Back in January the studio where I dance offered my the chance to dance in this term’s show. Mostly the shows are pre-professional opportunities for the students at the school, as opposed to the adults, so I jumped at the invitation. The girls I danced with have been dancing for longer than me and since a much younger age. It was a testament to how much work I’ve really done over the past few years and how much I’ve progressed that I was invited to dance with them.
When I first found out I would be doing the pas de quatre aka the little swan variation I was skeptical. I didn’t even know if I could do it, let alone do it well enough to perform in front of people. I had never really has any choreography on pointe before, nor had I ever been very good at petite allegro. For those of you non-dancers petite allegro means small and quick… it also means lots of tiny precise jumps. Not my forté.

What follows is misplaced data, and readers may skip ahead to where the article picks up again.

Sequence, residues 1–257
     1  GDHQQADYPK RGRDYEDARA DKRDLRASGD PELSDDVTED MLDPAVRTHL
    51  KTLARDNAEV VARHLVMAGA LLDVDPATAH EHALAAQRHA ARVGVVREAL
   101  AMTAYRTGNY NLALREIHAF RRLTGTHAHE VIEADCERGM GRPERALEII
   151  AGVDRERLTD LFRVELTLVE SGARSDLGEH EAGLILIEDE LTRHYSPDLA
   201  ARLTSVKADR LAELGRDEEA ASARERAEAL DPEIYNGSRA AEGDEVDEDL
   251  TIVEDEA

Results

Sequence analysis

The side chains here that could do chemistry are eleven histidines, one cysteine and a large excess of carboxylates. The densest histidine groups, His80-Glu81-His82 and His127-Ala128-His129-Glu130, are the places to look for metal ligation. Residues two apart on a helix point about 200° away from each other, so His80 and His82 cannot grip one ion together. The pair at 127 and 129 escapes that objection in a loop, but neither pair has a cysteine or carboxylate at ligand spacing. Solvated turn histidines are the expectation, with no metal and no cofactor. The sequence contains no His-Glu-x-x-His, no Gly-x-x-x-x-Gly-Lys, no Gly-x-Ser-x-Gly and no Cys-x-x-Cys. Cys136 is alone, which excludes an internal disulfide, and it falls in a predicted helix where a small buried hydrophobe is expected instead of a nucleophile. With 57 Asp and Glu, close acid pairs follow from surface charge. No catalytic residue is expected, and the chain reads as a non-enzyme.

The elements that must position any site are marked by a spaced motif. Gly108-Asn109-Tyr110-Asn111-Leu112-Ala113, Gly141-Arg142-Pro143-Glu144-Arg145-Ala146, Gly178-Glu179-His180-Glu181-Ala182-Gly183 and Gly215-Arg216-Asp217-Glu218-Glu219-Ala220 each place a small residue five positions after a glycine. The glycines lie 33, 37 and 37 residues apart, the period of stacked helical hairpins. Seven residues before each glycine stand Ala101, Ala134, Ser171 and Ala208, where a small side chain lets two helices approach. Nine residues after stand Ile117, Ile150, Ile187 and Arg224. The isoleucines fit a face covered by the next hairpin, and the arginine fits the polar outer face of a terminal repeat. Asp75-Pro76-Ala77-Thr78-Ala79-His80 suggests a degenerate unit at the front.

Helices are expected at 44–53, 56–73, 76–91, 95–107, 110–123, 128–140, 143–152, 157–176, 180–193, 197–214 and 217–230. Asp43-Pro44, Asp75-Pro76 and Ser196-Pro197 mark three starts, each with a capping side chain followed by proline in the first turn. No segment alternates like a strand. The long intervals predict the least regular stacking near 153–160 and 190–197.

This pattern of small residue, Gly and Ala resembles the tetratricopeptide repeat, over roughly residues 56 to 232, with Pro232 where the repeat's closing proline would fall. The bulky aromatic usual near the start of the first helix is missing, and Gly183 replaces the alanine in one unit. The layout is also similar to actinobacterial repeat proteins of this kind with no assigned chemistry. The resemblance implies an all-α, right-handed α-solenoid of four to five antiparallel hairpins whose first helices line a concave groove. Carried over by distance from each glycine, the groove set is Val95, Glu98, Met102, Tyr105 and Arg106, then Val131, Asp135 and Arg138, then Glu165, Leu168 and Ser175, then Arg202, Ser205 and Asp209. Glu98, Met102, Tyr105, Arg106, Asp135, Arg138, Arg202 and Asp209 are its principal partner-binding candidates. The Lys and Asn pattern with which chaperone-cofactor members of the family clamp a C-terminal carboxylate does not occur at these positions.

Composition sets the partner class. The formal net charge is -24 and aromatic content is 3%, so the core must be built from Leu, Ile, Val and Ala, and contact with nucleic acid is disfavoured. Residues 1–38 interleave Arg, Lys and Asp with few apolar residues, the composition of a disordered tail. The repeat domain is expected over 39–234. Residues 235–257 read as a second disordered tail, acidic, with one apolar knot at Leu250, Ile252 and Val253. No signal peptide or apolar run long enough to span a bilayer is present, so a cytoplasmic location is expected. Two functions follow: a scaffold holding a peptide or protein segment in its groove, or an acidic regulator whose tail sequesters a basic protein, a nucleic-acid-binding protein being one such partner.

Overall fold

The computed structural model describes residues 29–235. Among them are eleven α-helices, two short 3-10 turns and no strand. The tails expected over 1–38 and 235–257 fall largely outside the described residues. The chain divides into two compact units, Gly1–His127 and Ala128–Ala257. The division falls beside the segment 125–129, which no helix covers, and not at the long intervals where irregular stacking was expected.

I struggled through issues with strength, muscle cramps and trusting myself that I could do it. The hardest part was letting myself just do what I knew how to do and not worrying if I could actually do it. No one move in the pas de quatre is all that hard on its own. When put together, on pointe, and mixed with the speed and precision needed to perform the pas de quatre in tandem with three other dancers suddenly it becomes a challenging sprint.
Each repetition improved over the last. By the weekend of the performance I had gone from feeling unskilled to feeling that I could do the variation. Sure it wasn’t the best performance ever of the pas de quatre from Swan Lake, but I was able to do it. There’s something to be said for that. If I can start dancing at 19 and do that variation 6 years later (with 4 years of inconsistent training), nothing is impossible. It just takes dedication and passion.